I don't want to worry about this race. I know in my head that I have done the work and followed the plan. I know that this aggressive goal is something my coaches believe I can do- they have delivered it with such forceful insistence that it is something I'm capable of. (I 50% believe them that they got it from a calculator based on my workouts, and 50% believe it's a jedi mind trick to see if I have one of those major "mind of matter" moments where they tell I can do something that's actually outside of the reasonable realm, but if they can convince me, it'll validate all those The body acheives what the mind believes. memes out there.)

Either way, I will wake up tomorrow morning, delight in a beautiful day in a city I am so happy to call home, and I will run. I will celebrate with my friends, I will smile at the wonderful people who come to cheer, and I will be thankful.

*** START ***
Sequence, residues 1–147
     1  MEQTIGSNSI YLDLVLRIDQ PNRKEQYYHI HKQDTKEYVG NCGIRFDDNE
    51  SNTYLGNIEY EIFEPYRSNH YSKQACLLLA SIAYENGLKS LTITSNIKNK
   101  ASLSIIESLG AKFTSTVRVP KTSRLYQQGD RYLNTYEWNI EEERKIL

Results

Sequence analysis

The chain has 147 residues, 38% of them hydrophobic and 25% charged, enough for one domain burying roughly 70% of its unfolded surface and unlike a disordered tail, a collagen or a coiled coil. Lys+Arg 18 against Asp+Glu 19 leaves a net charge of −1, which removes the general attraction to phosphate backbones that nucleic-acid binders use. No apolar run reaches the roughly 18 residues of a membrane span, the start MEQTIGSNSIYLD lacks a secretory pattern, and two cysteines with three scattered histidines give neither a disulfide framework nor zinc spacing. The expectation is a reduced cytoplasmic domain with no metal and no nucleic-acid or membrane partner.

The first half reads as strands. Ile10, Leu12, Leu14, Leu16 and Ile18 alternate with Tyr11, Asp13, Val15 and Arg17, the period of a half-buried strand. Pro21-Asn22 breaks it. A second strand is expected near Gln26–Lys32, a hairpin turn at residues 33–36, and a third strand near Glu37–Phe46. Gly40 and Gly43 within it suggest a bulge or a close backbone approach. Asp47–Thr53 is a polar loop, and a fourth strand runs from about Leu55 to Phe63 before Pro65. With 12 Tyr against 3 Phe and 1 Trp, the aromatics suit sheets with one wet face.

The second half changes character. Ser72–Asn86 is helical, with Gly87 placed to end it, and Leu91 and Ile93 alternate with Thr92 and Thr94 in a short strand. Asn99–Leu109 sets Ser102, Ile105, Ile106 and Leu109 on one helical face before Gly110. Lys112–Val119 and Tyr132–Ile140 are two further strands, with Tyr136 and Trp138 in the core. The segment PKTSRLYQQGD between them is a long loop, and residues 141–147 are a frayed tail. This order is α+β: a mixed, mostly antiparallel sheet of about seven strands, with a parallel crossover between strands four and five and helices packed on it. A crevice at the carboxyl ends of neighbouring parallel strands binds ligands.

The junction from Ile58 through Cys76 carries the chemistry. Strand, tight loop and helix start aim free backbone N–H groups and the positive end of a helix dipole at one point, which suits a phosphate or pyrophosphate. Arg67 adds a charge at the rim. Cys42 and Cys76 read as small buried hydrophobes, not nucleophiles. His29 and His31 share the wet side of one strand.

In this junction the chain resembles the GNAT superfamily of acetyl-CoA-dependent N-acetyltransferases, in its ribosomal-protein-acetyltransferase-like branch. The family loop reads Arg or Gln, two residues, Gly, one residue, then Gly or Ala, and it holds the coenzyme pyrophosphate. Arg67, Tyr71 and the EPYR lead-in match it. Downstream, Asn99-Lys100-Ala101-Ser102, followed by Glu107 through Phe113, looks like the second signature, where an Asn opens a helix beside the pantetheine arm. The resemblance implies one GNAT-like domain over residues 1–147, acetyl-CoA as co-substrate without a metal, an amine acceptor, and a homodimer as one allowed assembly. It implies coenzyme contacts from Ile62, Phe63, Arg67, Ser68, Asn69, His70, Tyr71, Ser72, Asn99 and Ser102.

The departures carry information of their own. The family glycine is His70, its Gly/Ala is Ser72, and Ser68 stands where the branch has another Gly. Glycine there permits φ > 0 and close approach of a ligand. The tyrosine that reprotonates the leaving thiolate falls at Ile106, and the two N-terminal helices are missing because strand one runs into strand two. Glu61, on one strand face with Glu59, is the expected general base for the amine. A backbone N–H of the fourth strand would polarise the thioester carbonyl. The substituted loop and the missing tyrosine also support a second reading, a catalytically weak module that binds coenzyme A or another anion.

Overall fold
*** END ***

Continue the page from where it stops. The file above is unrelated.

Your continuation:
Thursday, November 14, 2013

Taper Talk. (Not Really)

Less than 48 hours to go time. There’s a lot I could say about this week.

I could talk about taper tantrums (There may have been some tears, restless nights, and general crankiness. I may have eaten pizza more than once this week. I may be slowly realizing that beans are not the ideal source for carbo loading.)

I could talk about baffling, unfortunate events this week. (My turn signal is possessed and refuses to stay in the neutral position. Constantly signaling right-hand turns is embarrassing. Our 7 year old dog who has never had issues, decided to mark the couch as his territory.)

I could talk about nerves. The goal time and the pace staring at me from the bathroom mirror. Race pace. I’ve never raced before. Woo-sah….

I could let my clothes do the talking (You’ve seen this commercial, right?)
I’m a go getter. I go and get it. And I bring it back. Possibly the best lines ever delivered in a clothing commercial.
What do my clothes say about me?
I try.
I know there’s style out there, but I didn’t actually look in the mirror before I left the house.